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that contains on the last page a simple approximate (the actual fluid mechanics is more complicated) equation for the true sink rate of a tip or line in terms of its diameter and density. The actual equation is

U = 37.5 (S-1)^0.563 D^0.689

where U is the sink rate in ips, S is the specific gravity of the section of the line or tip (the ratio of the density of the line to the density of the water it is in) in question, and D is the diameter in inches. For those that may be unfamiliar with this use of the carrot symbol (^) in this context this just means “to the power of”. These can be computed using any calculator with more than the most basic functions, though you may have to find a key you have not used much before. But S and D can be determined by anyone with a ruler, a scale, and a micrometer. So for example if you have a box full of unidentified sink tips you can use this formula to figure out the sink rates.

The equation is a first order approximation, but is accurate to %1 for lines and tips.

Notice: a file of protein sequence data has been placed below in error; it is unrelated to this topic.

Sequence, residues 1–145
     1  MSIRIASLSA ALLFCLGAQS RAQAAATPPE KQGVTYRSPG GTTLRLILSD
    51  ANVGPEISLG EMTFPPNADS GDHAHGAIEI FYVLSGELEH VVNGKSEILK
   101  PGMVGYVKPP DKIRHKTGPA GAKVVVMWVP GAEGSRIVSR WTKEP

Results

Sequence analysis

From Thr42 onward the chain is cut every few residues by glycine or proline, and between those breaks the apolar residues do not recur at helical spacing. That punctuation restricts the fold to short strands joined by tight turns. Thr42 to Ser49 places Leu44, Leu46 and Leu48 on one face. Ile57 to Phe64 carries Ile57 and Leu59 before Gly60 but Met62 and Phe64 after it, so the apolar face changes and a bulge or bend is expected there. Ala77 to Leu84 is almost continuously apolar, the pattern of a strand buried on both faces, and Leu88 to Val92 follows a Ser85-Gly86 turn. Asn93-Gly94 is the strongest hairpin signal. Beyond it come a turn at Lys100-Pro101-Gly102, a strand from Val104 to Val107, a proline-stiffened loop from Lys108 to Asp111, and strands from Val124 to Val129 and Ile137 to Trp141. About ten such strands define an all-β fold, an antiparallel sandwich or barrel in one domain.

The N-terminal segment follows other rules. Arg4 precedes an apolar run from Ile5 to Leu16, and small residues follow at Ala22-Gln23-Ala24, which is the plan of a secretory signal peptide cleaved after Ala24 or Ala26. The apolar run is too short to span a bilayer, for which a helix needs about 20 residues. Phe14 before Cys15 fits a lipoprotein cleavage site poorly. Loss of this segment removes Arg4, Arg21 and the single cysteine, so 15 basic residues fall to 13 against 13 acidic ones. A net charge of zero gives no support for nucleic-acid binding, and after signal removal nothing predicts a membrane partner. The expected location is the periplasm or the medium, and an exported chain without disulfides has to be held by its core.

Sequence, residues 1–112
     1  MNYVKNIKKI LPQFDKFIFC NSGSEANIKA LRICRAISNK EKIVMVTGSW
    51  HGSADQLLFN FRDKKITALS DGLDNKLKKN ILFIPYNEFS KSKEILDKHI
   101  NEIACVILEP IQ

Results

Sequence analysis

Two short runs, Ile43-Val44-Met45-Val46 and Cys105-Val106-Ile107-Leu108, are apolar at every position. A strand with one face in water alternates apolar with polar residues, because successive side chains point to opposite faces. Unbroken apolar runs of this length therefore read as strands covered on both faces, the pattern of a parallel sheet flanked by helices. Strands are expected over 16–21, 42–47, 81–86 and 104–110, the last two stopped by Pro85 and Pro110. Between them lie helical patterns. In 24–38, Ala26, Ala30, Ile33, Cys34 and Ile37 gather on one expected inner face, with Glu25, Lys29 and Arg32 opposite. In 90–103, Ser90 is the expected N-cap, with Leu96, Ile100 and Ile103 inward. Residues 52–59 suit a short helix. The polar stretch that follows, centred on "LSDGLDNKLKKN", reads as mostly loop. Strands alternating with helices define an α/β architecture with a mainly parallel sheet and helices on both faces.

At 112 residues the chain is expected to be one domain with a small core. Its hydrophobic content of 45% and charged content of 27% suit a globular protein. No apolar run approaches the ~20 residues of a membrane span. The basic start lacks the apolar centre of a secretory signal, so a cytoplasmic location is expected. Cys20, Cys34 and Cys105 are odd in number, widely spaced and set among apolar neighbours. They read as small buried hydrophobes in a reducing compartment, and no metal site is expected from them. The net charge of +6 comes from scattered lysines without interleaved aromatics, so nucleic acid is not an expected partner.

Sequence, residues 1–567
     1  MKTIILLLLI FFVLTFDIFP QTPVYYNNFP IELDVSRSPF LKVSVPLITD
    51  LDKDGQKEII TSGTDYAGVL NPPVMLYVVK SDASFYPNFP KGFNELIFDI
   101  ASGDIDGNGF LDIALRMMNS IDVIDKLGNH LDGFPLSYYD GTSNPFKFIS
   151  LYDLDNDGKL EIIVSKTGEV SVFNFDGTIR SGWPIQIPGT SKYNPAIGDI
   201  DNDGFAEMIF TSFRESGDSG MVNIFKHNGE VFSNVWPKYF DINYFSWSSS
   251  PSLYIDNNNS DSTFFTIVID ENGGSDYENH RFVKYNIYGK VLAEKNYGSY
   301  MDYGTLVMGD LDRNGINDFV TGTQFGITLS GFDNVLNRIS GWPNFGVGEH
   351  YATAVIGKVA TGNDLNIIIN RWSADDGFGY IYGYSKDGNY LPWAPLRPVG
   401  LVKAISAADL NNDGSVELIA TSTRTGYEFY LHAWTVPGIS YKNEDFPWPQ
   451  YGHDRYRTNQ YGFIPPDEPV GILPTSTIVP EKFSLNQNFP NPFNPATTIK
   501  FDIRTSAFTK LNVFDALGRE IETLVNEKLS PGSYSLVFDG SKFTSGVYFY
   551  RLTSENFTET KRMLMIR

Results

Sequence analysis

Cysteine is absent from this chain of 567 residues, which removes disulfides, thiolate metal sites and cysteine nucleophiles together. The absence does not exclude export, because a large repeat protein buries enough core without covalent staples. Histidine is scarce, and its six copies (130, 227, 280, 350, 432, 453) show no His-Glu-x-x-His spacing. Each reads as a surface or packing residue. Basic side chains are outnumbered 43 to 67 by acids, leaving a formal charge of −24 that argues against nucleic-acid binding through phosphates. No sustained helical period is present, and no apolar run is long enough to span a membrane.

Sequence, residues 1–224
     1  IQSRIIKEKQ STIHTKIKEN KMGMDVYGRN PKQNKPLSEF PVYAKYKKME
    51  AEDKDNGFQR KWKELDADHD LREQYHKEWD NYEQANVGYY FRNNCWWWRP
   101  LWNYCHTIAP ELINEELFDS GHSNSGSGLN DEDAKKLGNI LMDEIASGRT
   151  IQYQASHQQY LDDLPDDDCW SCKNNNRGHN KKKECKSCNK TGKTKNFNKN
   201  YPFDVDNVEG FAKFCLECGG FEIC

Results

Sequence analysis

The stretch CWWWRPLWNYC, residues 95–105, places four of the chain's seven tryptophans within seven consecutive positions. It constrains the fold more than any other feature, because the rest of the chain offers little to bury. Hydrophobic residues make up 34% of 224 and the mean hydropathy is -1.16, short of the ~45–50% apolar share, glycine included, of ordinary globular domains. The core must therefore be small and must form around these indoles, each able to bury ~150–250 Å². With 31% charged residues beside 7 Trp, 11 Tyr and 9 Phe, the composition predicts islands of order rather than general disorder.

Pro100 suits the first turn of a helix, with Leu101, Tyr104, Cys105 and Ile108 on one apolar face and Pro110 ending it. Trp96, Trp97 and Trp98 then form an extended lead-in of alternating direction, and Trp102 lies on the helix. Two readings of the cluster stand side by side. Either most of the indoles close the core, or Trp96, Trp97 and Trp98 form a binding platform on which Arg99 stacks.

One of the “problems” is that different companies use different methods to determine the labeled sink rates and so those rates cannot be reliably compared across brands. The other, related issue is that the actual sink rates on the label are not strictly correct, and tend to overestimate the sink rates of a real line. The latter issue may not be that practically important since the way tips are used tends to be more like shifting gears in a manual transmission, which you do by going up and down according to need and not typically with reference to the precise gear ratios.

The Havstad equation provides a reliable way to calculate the sink rate of any tip, or section of line. If the companies that make sink tips would simply post the Havstad sink rates then all of them could be put on the same footing and compared. That is exactly what he proposed in the paper referenced above. But companies are probably more concerned, in general, with marketing considerations. If they then determine a sink rate using a certain method and it comes out to be a number that sells, even if the method is inaccurate, they are covered. They probably feel off the hook on accuracy considerations. They will rightly point out that their competition is using similar methods so they have no choice, etc.

Anyway, this is the answer to a lot of questions about tips.